So many mistakes! I remember understanding for the first time what it means to become a sort of public figure. In a semi-private space of Kaya.gs (a private channel, but accessible for many people) I made a jokingly sarcastic comment about a user making an unreasonable request. It was the writing style of that space, which was not taboo or insulting. A user took a screenshot and made a huge fuss in another forum where that would be taboo: a classic case of Schadenfreude. The first time I had to learn about PR meant, about watching what you say and how you say it because it can be taken out of context.
This is related to another challenge we had: we wanted to be the Server where we would do everything for the user. Go Servers had a famous reputation of being trigger happy with banning and treating users with some contempt. Some servers would ban you for just mentioning other servers! We, on the other hand, created a place for users to vote on features and participate in product prioritization. This gave us invaluable feedback, but it was also unruly. Consumers are all-demanding and it’s particularly insidious with free/freemium products: when you give the user some power and they cannot exert it, they become detractors. A lesson that is very evident in services like Twitter or Reddit, where it's filled with people that post constantly every day, pay nothing and still deride the services they use.
There were plenty of Engineering mistakes, but I think they stemmed from inexperience and from product direction. I wanted to build everything, so we had everything half-built. I would tell myself to focus on key features first, end-to-end, before moving on to the next one. Another thing I learned later in my career was being more data-driven. I should have picked the key metric (# of games) and made sure that was the metric that improved every single day. That would have done wonders for the three issues: would have focused Product, would have made Engineering easier by having fewer features and work better and would have raised Morale had we been successful at improving it.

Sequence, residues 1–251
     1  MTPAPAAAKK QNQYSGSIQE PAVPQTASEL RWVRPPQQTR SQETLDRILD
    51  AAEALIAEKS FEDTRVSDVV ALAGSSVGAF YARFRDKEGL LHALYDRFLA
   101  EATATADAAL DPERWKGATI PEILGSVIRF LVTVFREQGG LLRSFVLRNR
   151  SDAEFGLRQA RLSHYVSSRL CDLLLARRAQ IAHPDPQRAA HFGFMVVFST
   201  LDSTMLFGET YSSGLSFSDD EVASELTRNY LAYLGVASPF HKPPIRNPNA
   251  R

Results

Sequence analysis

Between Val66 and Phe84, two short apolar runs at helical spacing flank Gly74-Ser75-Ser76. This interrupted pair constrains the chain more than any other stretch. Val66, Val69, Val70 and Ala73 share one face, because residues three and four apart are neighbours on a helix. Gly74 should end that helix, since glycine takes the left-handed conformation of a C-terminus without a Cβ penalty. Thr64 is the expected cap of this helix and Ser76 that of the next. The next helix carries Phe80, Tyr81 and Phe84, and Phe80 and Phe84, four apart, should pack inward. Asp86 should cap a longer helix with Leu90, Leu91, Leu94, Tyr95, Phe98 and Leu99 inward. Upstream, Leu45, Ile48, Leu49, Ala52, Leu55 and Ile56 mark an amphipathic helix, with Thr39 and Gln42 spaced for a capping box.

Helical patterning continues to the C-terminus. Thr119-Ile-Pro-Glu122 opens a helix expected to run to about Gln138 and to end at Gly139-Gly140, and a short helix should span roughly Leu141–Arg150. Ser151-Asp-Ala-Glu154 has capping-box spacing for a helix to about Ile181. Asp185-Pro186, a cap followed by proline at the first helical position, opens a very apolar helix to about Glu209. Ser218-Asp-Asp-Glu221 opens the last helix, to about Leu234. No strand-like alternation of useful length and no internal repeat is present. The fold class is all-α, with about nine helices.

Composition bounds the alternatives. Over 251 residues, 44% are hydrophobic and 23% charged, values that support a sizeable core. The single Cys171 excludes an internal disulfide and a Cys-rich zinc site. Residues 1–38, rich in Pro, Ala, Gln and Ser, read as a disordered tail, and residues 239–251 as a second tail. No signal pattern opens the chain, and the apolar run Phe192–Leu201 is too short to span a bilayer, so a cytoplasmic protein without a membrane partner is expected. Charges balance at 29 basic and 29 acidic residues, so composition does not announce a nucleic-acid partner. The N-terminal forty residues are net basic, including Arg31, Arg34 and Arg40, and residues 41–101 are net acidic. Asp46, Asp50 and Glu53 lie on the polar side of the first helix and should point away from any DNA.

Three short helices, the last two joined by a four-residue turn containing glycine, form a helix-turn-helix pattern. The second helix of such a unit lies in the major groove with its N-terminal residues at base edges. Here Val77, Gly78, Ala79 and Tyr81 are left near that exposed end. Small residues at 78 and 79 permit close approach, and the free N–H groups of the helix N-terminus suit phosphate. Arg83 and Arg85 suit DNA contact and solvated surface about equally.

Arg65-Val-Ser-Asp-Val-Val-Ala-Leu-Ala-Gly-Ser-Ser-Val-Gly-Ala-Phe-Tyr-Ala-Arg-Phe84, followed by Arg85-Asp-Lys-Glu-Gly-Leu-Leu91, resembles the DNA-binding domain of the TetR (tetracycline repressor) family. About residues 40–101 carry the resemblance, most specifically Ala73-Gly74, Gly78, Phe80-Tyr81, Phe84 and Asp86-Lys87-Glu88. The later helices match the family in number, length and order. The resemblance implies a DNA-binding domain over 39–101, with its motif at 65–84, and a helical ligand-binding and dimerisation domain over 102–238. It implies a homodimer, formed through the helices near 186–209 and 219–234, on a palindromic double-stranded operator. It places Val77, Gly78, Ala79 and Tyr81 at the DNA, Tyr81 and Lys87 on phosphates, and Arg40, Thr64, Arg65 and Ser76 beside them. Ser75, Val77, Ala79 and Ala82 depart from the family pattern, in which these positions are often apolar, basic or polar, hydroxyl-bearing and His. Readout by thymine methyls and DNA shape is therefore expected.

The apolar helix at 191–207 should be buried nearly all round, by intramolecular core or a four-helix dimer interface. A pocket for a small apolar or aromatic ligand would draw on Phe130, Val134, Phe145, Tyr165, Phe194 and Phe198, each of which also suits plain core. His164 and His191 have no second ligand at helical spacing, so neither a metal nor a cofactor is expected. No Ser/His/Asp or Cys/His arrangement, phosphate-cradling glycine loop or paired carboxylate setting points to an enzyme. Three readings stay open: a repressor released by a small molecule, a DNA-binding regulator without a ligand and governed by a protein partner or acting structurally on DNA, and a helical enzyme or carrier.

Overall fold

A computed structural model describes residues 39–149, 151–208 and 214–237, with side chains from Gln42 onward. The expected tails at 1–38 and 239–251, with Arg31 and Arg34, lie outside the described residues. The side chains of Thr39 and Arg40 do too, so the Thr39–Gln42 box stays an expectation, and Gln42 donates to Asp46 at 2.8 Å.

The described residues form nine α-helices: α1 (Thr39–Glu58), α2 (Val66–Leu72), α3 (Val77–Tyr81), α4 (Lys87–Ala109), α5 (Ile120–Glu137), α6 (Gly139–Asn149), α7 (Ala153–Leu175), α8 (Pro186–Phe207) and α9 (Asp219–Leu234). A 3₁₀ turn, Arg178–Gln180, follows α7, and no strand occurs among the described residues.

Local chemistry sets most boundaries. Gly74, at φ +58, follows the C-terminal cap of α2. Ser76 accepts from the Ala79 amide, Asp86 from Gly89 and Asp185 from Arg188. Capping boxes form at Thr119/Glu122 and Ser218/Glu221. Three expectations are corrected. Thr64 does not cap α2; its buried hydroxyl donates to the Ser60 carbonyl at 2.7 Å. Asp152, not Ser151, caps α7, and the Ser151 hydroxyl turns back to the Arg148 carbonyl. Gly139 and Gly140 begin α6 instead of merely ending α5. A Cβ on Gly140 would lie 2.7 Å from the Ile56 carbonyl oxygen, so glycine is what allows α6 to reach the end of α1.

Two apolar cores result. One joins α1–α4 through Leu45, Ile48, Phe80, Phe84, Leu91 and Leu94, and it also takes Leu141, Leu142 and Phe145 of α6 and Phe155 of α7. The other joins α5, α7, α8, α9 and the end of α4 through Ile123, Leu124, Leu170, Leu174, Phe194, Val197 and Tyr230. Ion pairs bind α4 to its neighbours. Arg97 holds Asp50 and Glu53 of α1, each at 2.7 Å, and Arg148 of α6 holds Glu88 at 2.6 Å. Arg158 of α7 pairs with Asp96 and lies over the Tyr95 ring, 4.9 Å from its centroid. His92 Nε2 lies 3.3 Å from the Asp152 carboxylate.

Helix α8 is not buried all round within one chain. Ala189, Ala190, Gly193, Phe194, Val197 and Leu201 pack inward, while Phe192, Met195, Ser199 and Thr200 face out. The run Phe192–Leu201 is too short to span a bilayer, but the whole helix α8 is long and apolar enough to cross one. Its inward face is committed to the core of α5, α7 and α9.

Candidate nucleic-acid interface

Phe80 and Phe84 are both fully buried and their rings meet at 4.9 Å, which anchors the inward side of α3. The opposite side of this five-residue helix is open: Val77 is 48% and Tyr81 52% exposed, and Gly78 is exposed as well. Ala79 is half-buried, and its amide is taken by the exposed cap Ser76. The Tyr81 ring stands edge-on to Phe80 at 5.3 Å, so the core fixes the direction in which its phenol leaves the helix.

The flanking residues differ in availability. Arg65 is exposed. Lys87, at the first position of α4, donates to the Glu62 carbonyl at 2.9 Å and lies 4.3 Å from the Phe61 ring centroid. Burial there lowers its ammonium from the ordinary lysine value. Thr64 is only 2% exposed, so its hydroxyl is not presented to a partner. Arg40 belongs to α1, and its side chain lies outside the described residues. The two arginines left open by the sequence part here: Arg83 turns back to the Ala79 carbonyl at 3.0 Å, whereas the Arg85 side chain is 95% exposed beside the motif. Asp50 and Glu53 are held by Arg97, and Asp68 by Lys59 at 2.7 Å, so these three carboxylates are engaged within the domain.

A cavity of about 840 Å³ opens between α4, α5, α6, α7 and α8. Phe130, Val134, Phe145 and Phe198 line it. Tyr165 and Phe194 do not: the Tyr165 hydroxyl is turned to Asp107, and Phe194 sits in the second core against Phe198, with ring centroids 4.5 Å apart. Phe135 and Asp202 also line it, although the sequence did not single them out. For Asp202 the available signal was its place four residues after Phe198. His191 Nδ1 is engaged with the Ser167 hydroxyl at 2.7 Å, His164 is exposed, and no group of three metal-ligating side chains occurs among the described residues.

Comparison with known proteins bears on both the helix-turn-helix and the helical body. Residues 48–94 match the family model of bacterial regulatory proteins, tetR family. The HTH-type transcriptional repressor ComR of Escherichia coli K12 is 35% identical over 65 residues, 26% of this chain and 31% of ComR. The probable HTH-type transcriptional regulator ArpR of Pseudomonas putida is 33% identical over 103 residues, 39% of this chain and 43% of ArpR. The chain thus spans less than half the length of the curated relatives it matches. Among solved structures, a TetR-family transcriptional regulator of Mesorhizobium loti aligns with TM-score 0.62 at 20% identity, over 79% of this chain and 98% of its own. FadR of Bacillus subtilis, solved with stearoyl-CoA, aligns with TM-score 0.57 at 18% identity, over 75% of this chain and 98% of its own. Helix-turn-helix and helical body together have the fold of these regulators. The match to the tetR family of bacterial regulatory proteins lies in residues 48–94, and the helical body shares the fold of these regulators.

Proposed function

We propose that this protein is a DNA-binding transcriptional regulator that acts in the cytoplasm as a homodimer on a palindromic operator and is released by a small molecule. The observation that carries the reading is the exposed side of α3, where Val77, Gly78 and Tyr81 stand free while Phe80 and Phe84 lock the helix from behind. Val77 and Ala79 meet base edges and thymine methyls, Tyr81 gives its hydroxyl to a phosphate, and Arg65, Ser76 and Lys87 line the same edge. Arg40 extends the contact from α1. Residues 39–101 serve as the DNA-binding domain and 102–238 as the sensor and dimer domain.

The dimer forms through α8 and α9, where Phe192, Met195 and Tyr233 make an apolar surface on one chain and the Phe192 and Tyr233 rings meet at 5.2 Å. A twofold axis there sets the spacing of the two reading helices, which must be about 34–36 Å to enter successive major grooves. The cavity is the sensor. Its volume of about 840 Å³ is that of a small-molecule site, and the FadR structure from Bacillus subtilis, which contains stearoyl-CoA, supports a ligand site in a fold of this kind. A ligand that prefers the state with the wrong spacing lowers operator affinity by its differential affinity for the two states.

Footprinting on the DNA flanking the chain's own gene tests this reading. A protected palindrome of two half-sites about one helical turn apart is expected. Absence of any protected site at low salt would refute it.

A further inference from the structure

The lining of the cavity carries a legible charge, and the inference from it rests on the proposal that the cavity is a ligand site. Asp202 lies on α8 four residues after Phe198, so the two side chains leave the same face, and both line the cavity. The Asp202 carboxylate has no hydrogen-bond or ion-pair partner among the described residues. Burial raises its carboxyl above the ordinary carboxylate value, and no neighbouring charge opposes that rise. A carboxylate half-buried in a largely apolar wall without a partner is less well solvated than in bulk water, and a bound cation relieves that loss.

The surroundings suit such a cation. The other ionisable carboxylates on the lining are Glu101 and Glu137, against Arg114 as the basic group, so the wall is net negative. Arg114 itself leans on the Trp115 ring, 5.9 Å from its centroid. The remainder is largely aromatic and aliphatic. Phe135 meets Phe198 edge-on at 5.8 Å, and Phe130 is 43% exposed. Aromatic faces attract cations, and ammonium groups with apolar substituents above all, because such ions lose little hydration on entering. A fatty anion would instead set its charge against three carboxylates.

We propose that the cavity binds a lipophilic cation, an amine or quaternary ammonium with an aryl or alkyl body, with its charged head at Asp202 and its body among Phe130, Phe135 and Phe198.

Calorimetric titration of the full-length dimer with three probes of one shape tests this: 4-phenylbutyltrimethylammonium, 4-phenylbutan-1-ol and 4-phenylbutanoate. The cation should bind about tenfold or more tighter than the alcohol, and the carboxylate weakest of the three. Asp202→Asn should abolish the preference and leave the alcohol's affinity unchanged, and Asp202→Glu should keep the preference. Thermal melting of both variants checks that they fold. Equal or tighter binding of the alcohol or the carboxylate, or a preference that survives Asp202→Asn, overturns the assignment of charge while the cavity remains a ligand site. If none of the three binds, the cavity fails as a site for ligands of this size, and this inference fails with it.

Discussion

Which were your expenses? Did you achieve some revenue? In the end, how much money did you lose?
Our key expenses were our own living expenses. We lived on a ramen-budget after technical expenses. Infrastructure and Engineering costs were low. I think this is one part we did right, very low expenses gave us a year of runway with 20.000U$S.
What we lost the most, of course, is on opportunity cost. Our monthly revenue was about 2,000U$S but the model had ups and downs. We knew that if we grew our user base we would have to add another kind of subscription service to fund ourselves long-term, but we did fantastically for what the space could do back then.
If you had to start over, what would you do differently?
Gabriel, you need to sort out your execution risk. You don’t have the technical expertise to run all of this so make sure you get the right people to help in time to avoid pitfalls or build a team around it. And focus: make sure that what you are building is the right thing to build, every single day. Build for impact, even if it’s boring. Forget about the bells and whistles!
Which are your favorite entrepreneurial resources?
I am a YC fanatic. I enjoy Paul Graham’s essays and Hacker News for startup/entrepreneurial information. But what I would recommend someone the most in any business is making sure you know the domain. Understanding what you are building and for whom is the most important Product detail of everything. That’s why most successful companies are built by people that make a product for themselves or for industry they work in.
Where can we go to learn more?
This might be a good opportunity for me to open up my portfolio page into a blog since I wanted to do that before. My port-folio page is conanbatt.com.